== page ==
The Congress is the legislative body of the United States. It consists of the House of Representatives, with 435 members and the Senate with 100 members. The most important powers held by the Congress are, among other things; the right to make laws, to lay and collect taxes, to declare war and to borrow money. The Congress also has the power to remove and federal official from office by impeachment. Another important duty of the Congress is to administer the District of Colombia, in which the federal government is seated.

Not all the duties of Congress can be performed by both chambers. That is, only the House of Representatives may initiate bills concerning taxes and tolls and only the Senate may confirm presidential appointments to federal offices, try impeachments or confirm treaties with other nations.

Though the Congress is a legislative body it does not hold the same legislative powers as its counterparts in other countries. This is because the constitution only grants the congress to make laws concerning certain things. Making laws concerning other matters is left to state legislatures.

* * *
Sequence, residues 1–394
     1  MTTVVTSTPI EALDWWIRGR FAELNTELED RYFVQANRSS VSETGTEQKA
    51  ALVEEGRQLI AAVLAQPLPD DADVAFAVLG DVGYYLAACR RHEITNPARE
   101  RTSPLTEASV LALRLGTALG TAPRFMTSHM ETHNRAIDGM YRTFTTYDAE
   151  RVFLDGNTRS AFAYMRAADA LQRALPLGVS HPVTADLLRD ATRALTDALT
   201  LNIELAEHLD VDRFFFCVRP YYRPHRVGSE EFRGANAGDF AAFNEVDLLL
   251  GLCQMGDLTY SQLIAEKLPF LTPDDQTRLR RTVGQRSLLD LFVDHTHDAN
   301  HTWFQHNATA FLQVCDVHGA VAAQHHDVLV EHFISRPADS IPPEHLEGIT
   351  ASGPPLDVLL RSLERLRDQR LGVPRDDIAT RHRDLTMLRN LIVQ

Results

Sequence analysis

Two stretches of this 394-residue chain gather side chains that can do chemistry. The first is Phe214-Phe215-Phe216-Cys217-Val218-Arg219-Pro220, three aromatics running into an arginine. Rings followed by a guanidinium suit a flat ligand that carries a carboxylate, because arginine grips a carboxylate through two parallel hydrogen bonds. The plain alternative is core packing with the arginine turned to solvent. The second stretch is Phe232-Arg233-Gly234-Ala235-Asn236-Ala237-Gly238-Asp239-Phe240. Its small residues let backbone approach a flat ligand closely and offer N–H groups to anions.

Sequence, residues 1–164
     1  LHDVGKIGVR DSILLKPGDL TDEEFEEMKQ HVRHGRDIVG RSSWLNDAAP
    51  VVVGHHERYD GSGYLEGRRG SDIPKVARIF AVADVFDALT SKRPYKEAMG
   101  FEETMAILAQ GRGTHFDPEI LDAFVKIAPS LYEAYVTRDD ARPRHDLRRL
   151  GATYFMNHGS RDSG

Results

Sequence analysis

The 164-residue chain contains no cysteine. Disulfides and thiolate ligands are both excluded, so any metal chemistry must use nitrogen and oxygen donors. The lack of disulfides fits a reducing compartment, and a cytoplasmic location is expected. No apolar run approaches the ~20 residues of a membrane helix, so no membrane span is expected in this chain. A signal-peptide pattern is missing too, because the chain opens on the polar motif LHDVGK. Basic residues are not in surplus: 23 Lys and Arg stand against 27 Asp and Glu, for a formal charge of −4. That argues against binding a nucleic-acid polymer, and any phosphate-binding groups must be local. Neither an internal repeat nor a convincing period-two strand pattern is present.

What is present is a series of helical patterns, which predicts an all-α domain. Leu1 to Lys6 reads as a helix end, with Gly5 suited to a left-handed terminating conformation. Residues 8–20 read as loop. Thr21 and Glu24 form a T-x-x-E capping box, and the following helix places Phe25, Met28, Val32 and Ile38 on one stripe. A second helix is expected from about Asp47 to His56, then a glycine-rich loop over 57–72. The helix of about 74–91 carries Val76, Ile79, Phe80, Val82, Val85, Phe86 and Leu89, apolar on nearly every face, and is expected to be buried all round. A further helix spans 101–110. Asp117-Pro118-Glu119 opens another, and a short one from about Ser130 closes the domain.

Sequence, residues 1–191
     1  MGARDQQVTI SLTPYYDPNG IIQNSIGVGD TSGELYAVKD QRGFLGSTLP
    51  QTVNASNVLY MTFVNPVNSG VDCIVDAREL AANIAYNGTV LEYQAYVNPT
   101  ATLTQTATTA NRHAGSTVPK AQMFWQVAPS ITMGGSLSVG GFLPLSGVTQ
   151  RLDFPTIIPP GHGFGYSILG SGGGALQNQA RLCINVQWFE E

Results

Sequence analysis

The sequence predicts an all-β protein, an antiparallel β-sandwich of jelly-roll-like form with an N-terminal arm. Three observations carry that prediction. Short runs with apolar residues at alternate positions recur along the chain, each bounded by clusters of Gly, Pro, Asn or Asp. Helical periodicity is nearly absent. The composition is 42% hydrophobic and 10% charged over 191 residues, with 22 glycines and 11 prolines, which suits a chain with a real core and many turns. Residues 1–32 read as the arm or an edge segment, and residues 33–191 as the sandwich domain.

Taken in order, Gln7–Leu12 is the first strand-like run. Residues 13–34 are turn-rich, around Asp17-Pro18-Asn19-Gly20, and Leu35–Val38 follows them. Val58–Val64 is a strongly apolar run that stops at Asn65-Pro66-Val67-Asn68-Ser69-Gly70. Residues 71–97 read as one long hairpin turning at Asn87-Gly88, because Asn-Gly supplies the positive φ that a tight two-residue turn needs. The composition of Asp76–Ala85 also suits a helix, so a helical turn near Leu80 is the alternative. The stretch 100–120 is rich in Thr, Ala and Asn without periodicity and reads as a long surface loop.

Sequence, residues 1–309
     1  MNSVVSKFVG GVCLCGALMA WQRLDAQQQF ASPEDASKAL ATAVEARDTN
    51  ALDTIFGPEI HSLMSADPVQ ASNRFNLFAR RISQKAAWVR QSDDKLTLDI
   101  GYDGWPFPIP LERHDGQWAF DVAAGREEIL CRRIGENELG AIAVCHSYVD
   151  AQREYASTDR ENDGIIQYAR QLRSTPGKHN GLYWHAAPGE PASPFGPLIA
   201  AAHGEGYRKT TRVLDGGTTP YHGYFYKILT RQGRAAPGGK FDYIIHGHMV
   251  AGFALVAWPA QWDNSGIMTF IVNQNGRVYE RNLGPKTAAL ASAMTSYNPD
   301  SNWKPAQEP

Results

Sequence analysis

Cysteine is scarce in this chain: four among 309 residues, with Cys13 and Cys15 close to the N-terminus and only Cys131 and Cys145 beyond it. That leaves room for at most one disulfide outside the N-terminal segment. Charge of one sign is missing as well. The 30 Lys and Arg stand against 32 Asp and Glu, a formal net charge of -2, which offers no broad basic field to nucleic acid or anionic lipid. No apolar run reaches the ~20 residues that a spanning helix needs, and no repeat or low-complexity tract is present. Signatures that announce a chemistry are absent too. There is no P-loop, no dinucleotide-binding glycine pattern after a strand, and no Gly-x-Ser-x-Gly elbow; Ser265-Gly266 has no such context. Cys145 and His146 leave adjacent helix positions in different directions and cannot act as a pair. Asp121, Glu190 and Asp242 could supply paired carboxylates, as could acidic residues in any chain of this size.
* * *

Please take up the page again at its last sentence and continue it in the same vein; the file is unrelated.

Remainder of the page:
How laws are made

Here’s a simplified version of how laws are made:
Most laws can originate from either the House of Representatives or the Senate, but laws concerning taxation or tolls can only originate from the House of Representatives. Regardless of what the law concerns or in which chamber it originates the process is pretty much the same.

First, a member of congress proposes the bill, which is then given a number beginning with H.R. if the bill originated in the House of Representatives or S. if it originated in the Senate. Then it is referred to the appropriate committee or subcommittee. For example, a bill on the introduction of penalty duties on Lego blocks would be referred to the Subcommittee of Trade. Most bills don’t make it any further than this. This is where most of the work is done. Here, the bill is debated and sometimes amended. When the committee is done with its work, the bill is debated and then voted on in either the House of Representatives or the Senate.

If the bill is approved by one of the chambers it is then sent to the next chamber where it may also be sent to a committee or voted on immediately. (The bill is actually called an act when it has been approved by one chamber.) If the other chamber also approves the bill, it is sent to the President who has to sign the bill for it to become a law. He can also veto the bill. A veto can be overridden by a two-thirds vote by the Congress.

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